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Automating Employee Personal Trading Surveillance
Home Business Management
By: Jai Prakash Srivastava Email Article
Word Count: 501 Digg it | it | Google it | StumbleUpon it


Currently many compliance departments are under a lot of pressure to gather together the information required to meet the basic requirements of SEC rules 204A-1 and 17j-1. Keeping track of pre clearance requests, restricted lists, employee accounts, employee trading activity and employee holdings takes up so much of many compliance departments time that having time to analyze this data is a challenge for many. The following diagram outlines the different types of data that the typical compliance department needs to pull together in order to manage their employee personal trading compliance requirements.
Besides the difficulty of gathering all of the above data compliance departments have to deal with the resistance of staff to the adoption of these processes, and the difficulty of analyzing spreadsheet, paper and email based data.

Automation of the personal trading compliance process can save firms a lot of time as well as providing them with the ability to more easily analyze the data and check for trends in the data. Any automated personal trading solution needs to incorporate the following elements.
• Incorporate all main Personal trading data points needed.
• Flexible rules engine
• Flexible reporting.
• Ease of use to facilitate easy adoption by employees.
• Streamlined processing to save employees time.
• Integration with overall compliance program

The main data required to meet the minimum requirements are:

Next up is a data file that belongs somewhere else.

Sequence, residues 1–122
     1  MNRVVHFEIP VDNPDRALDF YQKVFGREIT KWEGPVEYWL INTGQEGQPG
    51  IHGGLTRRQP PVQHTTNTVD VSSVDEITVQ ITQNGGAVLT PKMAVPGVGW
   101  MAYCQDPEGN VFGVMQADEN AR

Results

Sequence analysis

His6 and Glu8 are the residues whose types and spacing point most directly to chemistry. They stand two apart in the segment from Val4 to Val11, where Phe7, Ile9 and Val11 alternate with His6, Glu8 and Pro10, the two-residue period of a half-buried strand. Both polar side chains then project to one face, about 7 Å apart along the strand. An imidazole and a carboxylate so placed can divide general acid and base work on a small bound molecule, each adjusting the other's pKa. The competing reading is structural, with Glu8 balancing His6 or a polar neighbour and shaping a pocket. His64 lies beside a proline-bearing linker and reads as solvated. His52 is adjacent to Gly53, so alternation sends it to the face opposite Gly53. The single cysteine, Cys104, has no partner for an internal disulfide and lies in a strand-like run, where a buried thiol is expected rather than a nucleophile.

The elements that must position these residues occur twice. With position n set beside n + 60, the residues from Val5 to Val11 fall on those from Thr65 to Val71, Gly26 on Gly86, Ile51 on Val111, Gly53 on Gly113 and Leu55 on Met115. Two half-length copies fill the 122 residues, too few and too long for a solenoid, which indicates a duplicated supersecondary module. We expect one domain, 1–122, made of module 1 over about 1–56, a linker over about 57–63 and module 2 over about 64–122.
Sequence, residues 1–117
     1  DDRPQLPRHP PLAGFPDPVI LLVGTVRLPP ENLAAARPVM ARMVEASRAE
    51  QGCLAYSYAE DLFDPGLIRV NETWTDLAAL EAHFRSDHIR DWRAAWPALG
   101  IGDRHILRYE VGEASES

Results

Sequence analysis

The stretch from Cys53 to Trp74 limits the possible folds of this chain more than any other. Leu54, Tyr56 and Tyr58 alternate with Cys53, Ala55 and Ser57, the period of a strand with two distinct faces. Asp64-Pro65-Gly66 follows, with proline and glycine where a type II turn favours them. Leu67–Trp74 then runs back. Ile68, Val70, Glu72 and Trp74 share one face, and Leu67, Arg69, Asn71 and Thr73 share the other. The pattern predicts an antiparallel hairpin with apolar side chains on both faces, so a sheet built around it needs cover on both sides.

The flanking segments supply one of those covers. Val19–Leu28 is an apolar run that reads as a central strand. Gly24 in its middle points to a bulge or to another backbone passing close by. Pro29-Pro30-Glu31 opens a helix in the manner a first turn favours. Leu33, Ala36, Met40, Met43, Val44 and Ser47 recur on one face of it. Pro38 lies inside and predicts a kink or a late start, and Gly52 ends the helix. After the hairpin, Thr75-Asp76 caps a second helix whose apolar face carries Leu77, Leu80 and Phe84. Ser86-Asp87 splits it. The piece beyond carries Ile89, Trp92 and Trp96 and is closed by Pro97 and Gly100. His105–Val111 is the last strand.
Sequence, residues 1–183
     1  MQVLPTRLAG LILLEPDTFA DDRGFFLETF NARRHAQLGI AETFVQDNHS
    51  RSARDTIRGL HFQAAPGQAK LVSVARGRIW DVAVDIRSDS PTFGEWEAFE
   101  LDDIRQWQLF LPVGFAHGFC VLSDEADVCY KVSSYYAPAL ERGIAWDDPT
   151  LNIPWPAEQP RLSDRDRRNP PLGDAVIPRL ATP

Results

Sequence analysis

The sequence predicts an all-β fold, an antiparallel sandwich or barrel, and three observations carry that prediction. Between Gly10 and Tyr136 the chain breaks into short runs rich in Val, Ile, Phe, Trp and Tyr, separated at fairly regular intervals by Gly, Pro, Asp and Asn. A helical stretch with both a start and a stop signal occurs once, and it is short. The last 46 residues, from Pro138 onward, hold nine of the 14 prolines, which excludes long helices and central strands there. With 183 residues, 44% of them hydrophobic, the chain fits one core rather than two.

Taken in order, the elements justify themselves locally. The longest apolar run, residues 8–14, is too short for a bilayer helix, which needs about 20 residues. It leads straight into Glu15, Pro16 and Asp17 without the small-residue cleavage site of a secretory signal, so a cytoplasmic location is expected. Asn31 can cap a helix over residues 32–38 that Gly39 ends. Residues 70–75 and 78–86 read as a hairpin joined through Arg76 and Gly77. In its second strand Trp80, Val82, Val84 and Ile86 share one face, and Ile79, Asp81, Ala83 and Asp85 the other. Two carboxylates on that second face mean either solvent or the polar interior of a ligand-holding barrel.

Trade pre-clearance
• Pre-Clearance requests.
• Automated broker feeds of trading activity and holdings.
• Employee account data.
• Firm’s portfolio trades.
• Holdings and trades attestation data.

Ability to set up rules which can be run against this employee personal trading data and which can be applied to different subsets of individuals within the Investment adviser firm is extremely important. Any compliance management system needs to be able to cover the following rule types at a minimum.
1. Security rules:
• Restricted lists
• Watch lists
• Blackout periods
• Approved lists
• Transaction rules (Di Minimis rules, short sells)
2. Security type rules
• Approved security type rules
• Restricted security type rules.
3. Pre clearance checks
• Validation that pre clearance requests were made for an employee trade.
4. Employee Trade activity checks
• Excessive trading
• Holding periods
5. Checks against firms trade data
• Front Running
• Tailgating

Any automated personal trading solution needs to allow the users to easily retrieve the data they require and should allow easy filtering and sorting of the data so that it can be extracted exactly as the user requires for trend analysis. Adoption and buy-in by employees of any compliance system is extremely important therefore any system will need to be easy to use and intuitive. Centralization of all compliance tasks for employees also causes less confusion and only requires employees to learn how to use one system.

Find more information relating to Private Funds, and Investment Adviser Compliance here.

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